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Healthy waterways for everyone

Everyone who uses the waterways of the Murray–Darling Basin benefits from a healthy river environment. From farmers to fishers, tourists to townspeople, healthy rivers keep us fed with high-quality produce, provide recreational and nature-based activities, and promote vibrant rural communities and businesses. They also sustain unique plants, animals and iconic landscapes that are an essential part of the river ecosystem.

Water for the environment explained

‘Water for the environment’ is used to improve the health of our rivers, wetlands and floodplains. Water is allocated to federal and state environmental water holders across the Basin, who make decisions about when, where and how much water is released for the environment, and with measurable environmental outcomes in mind.

Why we need water for the environment

Our rivers have changed. As agriculture, industries and communities have grown over time, water use has increased dramatically – as much as 50% of natural flows are removed from the river in some locations. Water for the environment aims to restore river health by delivering planned flows to where nature needs it. This water would have run naturally in the environment before development.

Deciding where water goes

There are a number of priorities and strategies that help us and our partners make decisions about how to use water for the environment across the Basin. We consider the health of the entire Basin, alongside regional considerations; and our plans are aimed at both the short and long-term needs of the system.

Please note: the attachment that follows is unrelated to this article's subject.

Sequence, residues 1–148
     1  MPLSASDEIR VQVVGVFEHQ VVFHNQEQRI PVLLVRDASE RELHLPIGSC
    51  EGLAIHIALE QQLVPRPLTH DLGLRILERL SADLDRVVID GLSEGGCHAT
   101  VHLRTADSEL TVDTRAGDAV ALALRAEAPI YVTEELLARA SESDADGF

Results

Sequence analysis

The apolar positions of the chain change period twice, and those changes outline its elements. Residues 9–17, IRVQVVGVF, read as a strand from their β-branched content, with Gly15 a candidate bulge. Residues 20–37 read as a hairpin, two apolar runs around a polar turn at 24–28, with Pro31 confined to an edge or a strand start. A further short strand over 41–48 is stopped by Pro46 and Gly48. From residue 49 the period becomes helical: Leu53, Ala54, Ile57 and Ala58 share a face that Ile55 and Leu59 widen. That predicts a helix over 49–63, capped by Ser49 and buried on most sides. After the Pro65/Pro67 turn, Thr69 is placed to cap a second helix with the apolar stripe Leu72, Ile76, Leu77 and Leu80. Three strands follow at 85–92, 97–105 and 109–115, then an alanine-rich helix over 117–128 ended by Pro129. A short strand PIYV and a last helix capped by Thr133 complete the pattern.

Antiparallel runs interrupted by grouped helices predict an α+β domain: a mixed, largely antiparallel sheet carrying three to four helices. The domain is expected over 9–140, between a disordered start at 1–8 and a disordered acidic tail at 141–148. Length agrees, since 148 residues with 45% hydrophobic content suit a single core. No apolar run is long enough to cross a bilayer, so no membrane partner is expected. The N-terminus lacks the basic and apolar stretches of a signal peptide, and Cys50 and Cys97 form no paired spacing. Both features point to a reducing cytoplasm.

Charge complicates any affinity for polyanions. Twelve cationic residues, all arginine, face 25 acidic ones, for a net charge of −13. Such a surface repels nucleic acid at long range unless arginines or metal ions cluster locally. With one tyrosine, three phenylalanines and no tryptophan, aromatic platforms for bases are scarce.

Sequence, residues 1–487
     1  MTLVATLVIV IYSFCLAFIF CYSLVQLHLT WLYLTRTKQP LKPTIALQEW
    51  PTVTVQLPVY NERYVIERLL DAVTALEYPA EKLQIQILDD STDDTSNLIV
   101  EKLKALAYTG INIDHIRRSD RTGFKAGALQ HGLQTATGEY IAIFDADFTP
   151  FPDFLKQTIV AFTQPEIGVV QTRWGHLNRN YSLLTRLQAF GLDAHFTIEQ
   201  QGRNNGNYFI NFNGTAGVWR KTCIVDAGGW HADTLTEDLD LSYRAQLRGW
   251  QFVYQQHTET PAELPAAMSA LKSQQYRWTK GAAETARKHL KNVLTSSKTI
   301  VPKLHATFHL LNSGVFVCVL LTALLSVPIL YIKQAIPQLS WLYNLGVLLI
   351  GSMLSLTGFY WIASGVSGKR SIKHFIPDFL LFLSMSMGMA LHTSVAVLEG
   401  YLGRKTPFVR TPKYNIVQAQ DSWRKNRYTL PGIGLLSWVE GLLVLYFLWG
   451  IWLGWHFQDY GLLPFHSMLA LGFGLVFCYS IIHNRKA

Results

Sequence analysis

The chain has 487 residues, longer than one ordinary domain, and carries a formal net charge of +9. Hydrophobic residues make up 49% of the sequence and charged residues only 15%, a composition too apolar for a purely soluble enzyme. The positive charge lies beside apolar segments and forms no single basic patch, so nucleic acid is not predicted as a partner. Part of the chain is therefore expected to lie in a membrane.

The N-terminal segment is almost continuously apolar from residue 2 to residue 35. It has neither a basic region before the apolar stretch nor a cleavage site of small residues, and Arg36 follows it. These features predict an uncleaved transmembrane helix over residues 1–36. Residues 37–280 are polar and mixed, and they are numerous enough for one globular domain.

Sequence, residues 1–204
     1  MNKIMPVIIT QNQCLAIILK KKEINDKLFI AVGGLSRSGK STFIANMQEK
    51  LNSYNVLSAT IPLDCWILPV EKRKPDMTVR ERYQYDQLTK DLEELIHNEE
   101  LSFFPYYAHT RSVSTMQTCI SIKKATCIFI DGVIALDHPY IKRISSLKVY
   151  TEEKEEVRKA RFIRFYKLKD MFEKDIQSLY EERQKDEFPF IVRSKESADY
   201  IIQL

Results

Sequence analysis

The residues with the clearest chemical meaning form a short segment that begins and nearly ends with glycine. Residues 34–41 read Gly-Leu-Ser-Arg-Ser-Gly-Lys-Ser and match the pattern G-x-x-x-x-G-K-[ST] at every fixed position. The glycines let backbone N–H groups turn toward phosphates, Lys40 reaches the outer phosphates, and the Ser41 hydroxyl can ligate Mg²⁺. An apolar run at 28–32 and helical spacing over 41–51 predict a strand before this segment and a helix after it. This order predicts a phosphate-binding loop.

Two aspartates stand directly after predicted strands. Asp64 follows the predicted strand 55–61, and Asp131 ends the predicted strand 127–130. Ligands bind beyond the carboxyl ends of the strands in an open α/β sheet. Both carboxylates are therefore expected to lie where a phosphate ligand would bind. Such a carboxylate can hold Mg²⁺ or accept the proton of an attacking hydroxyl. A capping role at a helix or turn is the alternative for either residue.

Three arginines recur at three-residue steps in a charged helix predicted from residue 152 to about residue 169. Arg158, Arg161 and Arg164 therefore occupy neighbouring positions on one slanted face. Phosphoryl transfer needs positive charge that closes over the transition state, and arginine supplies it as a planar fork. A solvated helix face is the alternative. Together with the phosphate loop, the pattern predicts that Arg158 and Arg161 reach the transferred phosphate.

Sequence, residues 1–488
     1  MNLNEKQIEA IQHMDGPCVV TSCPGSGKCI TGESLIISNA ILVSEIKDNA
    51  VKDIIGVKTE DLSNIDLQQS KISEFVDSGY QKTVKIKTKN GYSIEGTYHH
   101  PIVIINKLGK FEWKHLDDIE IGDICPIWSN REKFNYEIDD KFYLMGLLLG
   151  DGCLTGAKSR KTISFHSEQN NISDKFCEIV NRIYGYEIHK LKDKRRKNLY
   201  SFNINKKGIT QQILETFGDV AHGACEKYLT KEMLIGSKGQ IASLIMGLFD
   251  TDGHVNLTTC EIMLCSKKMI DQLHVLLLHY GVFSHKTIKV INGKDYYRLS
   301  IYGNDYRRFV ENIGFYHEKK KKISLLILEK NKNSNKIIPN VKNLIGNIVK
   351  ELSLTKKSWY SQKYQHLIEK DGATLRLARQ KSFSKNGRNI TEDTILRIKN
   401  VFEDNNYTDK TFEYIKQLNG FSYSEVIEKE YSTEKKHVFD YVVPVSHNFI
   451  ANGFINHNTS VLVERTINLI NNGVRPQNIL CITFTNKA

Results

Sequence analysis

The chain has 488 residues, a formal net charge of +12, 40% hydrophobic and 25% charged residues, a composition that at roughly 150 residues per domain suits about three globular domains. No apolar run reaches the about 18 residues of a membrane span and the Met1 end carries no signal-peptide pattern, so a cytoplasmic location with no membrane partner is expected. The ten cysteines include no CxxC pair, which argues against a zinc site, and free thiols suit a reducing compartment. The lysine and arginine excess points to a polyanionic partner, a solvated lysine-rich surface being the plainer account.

From the overarching Basin-wide strategy through to annual plans for individual sites, we and our partners prioritise watering across the basin to help achieve long-term environmental outcomes.

Delivering water for the environment

Delivering the right amount of water for the environment, in the right places and at the right times is complex. Through use of ‘works’ – water-control structures including dams, weirs, locks, levy banks, pumps and regulators – water is released to selected sites at specific times to ensure the best possible environmental outcomes. Most of the water continues to flow downstream, where it provides additional benefits to the river system.

Progress and outcomes

We work closely with our partners to monitor the results of water for the environment across the entire Basin. We then use these results to guide planning for water management in the future. Since our activities commenced in 2006, we have seen significant environmental improvement across the Basin.

The Murray–Darling Basin is a huge, interconnected river and groundwater network. Progress can be rapid, slow or intermittent depending on a large range of factors, which we track and report on regularly.

The impact of water

See how releases of water for the environment have combined with variable natural rainfall and river flows to change the health of the Basin waterways.

Water over time